unassuming metal building on the outskirts of
Akron may not conjure up images of futuristic
supercars, but don’t the best stories of American
innovation somehow always start in a garage?
38 SHAKERONLINE.COM | SUMMER 2017
This particular garage houses one of the world’s
most advanced 3D printers. It’s so big that it can print
the body of a car – in this case, a supercar designed by
Shaker Heights resident Carlos Salaff.
After a decade working on futuristic concepts
and every-day vehicles for Mazda in California, Carlos
relocated in 2013 to Shaker Heights with his wife Jennifer and two young children.
But it wasn’t the 3D printer that brought him here; it was the suggestion of his
parents who have been Shaker Heights residents for over two decades.
Creativity runs deep through the Salaff family, encouraged by Carlos’ grandfather,
an engineer with a deep appreciation for the arts. His uncle is a metal sculptor and
his aunt was Vera Neumann, known for her colorful textiles that hung in the Truman
White House and scarves worn by the likes of Marilyn Monroe. His father, Peter, is
director of String Chamber Music Studies at the Cleveland Institute of Music and was a
founding member of the Grammy-award winning Cleveland Quartet.
Carlos grew up in Rochester, New York, where his father taught at the Eastman
School of Music. While it was not immediately clear how his own creativity would
manifest itself, he knew that he was drawn to fast vehicles – rockets, airplanes,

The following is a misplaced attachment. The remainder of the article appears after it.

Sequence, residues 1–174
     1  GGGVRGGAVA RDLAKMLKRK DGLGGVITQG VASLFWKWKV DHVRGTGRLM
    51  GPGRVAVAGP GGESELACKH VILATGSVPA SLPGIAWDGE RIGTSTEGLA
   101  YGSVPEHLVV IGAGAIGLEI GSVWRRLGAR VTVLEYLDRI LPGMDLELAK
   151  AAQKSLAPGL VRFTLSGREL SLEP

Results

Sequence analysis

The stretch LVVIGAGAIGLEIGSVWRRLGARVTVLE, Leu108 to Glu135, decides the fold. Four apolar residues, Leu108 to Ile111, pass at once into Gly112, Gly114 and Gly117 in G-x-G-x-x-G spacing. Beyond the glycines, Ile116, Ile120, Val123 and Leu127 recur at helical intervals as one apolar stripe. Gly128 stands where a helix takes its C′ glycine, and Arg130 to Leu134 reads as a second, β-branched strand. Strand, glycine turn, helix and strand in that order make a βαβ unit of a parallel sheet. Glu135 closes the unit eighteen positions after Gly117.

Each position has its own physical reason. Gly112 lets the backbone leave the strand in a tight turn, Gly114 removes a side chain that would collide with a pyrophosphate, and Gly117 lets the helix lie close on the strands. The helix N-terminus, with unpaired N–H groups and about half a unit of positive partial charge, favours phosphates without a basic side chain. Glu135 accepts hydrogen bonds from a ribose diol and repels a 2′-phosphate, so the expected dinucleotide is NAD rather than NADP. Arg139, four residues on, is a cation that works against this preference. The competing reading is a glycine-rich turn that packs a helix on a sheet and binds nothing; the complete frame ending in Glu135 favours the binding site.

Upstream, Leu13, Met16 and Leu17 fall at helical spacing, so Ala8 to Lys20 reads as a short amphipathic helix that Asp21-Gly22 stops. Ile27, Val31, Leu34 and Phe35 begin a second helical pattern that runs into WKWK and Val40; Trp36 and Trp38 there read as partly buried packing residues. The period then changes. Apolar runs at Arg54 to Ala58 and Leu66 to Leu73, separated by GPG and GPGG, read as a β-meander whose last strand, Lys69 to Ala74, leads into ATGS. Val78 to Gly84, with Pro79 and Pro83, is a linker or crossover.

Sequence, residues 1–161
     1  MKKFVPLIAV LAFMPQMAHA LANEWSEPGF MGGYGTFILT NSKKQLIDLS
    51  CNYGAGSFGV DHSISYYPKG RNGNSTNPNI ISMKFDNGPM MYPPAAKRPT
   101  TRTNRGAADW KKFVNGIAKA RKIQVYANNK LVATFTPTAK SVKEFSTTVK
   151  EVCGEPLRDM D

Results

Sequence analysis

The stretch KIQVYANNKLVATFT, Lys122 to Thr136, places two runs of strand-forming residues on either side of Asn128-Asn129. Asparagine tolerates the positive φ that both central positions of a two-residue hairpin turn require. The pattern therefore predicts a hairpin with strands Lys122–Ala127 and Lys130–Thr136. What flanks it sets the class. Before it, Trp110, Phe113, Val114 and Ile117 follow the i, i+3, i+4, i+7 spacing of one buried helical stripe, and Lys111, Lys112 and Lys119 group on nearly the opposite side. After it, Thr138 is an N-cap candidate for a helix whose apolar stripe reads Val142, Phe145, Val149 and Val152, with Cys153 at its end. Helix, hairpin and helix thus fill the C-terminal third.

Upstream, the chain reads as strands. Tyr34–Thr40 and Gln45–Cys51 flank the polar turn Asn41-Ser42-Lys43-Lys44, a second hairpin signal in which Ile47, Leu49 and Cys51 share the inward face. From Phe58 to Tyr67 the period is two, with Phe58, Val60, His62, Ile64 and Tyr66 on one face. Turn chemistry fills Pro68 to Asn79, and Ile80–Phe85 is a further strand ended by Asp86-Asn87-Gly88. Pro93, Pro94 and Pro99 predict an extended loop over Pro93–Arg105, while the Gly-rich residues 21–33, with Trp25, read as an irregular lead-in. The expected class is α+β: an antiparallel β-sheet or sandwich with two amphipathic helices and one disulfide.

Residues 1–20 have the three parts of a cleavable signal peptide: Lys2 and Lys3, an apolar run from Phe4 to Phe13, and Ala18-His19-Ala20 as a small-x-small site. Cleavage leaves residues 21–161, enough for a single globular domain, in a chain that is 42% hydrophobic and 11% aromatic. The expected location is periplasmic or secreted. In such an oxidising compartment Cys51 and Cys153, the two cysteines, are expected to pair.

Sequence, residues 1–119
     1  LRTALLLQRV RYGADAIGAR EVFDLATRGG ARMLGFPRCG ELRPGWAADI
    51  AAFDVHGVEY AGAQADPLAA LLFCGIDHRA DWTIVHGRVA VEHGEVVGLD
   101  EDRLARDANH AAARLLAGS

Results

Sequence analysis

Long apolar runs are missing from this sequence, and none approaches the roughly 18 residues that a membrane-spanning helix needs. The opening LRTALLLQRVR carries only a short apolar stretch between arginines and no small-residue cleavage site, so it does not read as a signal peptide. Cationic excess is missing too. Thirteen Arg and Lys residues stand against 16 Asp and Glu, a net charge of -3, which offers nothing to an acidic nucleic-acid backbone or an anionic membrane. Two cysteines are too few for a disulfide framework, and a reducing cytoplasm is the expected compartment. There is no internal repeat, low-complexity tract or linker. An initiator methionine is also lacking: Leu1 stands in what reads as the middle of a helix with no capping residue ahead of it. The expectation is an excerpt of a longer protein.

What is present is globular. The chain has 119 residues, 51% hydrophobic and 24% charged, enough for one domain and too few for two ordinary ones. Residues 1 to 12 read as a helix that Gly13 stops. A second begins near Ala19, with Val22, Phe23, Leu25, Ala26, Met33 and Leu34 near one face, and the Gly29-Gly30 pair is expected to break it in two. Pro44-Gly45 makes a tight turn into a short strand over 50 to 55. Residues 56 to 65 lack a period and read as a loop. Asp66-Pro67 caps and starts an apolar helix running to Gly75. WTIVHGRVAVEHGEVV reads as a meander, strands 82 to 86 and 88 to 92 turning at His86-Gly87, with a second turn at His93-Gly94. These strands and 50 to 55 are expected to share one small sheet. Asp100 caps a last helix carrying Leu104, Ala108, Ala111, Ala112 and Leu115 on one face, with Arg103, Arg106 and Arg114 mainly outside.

Formula 1 racecars – and the excitement of air travel with his family.
“As an elementary school kid I had
the good fortune of traveling a lot with
my father, a perk of his musical career,”
he says. “We often flew over the Colorado
Rockies in a Convair 580, headed to the
Aspen music festival. I always asked
to get a window seat overlooking the
engines, so I could look at the turboprop
engines – especially the propellers.”
Carlos built models of that plane
every summer for several years. “I
found the details of the machine itself
absolutely beautiful. The louvers, the
shape of the engine fairings, the propeller
blades, the nose cones. In flight, that
plane was so loud and violent that you
could barely hear yourself speak. It
rumbled and rattled. But it was so alive!
That plane was the pinnacle of analog,
mechanical. The cockpit was full of dials,
knobs, and levers.
I get similar goosebumps peering
into the cockpits of 1960s-era Formula
1 cars. Analog gauges, toggle switches,
manual shifter. Total connection
between pilot and machine. That raw,
visceral excitement combined with the
artistry of the machine inspires the art I
strive to create.”